Any law enforcement officer who observes a vessel being used without sufficient lifesaving or fire fighting devices or in an overloaded or other unsafe condition as defined in Department regulations and in his judgment such use creates an especially hazardous condition, may direct the operator to take whatever immediate and reasonable steps would be necessary for the safety of those aboard the vessel, including directing the operator to return to mooring and to remain there until the situation creating the hazard is corrected or ended. For the purpose of this provision, an unsafe condition is any of the following:

  1. Operating without required boat safety equipment.
  2. Operating in an overloaded condition.
  3. Fuel leakage or presence of fuel in the bilges.
  4. Riding on the bow, gunwales, transom, or on the backs of seats without taking precautions sufficient to prevent falls overboard.
  5. Operating a boat in a state of gross disrepair, rendering it in unseaworthy condition.
  6. Operating in weather or water conditions which endanger the boat and its occupants.

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Hypothermia

Hypothermia, the loss of body heat to the water, is probably the greatest cause of water-related deaths. Often the cause of death is listed as drowning; but, most often the primary cause is hypothermia and the secondary cause is drowning. After an individual has succumbed to hypothermia, he/she will lose consciousness and then drown. The following chart shows the effects of hypothermia:

Water Temperature (degrees F.) Exhaustion or Unconsciousness Expected Time of Survival
32.5 Under 15 minutes Under 15 to 45 minutes
32.5 to 40 15 to 30 minutes 30 to 90 minutes
40 to 50 30 to 60 minutes 1 to 3 hours
50 to 60 1 to 2 hours 1 to 6 hours
60 to 70 2 to 7 hours 2 to 40 hours
70 to 80 3 to 12 hours 3 hours to indefinitely
Over 80 Indefinitely Indefinitely

PFDs can increase survival time because of the insulation they provide. Naturally, the warmer the water, the less insulation one will require. When operating in cold waters (below 40° F) consideration should be given to using a coat or jacket style PFD as they cover more of the body than the vest style PFDs.

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Divers Flag

Divers Flag

The Diver's Flag must be displayed on a float or buoy during any diving or spear fishing. Operators of boats must exercise caution when near a diver's flag.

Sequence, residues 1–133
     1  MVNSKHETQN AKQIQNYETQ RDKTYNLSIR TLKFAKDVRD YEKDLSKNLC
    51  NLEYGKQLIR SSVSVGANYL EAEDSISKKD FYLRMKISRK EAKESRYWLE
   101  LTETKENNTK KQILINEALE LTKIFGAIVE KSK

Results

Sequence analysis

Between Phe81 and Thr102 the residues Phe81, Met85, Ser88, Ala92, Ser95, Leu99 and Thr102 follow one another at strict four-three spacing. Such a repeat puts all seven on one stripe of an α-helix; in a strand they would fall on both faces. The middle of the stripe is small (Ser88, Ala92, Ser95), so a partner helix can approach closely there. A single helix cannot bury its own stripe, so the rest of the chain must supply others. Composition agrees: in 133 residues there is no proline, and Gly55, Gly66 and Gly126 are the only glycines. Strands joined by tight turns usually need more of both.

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Lighting

Lights When Anchored or Operating Nonpowered Boats

Power boats under 65 feet and all sailing vessels at anchor must display anchor lights except in "special anchorage areas." An anchor light is a white light visible to a boat approaching from any direction, and is displayed in the fore part of the vessel.

Lighting
 

All nonpowered boats operating between sunset and sunrise shall have readily accessible a white light source which shall be temporarily exhibited in sufficient time to prevent a collision.

Less Than 26 Feet

Motorboats operating between sunset and sunrise shall exhibit a 20 point (225 degree) combination red and green bow light, visible for one mile, the left side being red, the right side being green, and 32 point (360 degree) white stern light visible for two miles, placed higher than the bow light and unobstructed by occupants or portions of the vessel. In addition, all vessels at anchor between sunset and sunrise must display a white anchor light visible to a boat approaching from any direction.

Less Than 26 Feet
 

26 Feet to Not More Than 65 Feet

Motorboats operating between sunset and sunrise shall exhibit a 20 point (225 degree) white bow light visible for two miles, a red 10 point (112 1/2 degree) side light on the left side and a green, 10 point (112 1/2 degree) side light on the right side, both visible for one mile (the arc of visibility of the side lights must begin parallel to the center-line of the vessel and extend 10 points toward the stern) and a 32 point (360 degree) white stern light visible for two miles, placed higher than the bowlight and unobstructed by occupants or portions of the vessel. In addition all vessels at anchor between sunset and sunrise must display a white anchor light visible to a boat approaching from any direction.

26 FEET TO NOT MORE THAN 65 FEET - 1

Important: Stern lights must be placed high enough that their light will not be blocked by persons or parts of the boat or its equipment.

26 FEET TO NOT MORE THAN 65 FEET - 2
 

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Buoys

Placement of Regulatory Signs, Markers, Buoys and Other Warning or Marking Devices:

Upon written approval of the Game and Fish Director, regulatory signs, markers, buoys, or other warning or marking devices may be placed near or in the waters of this state as may be necessary for safety or recreation.

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Sanitation Devices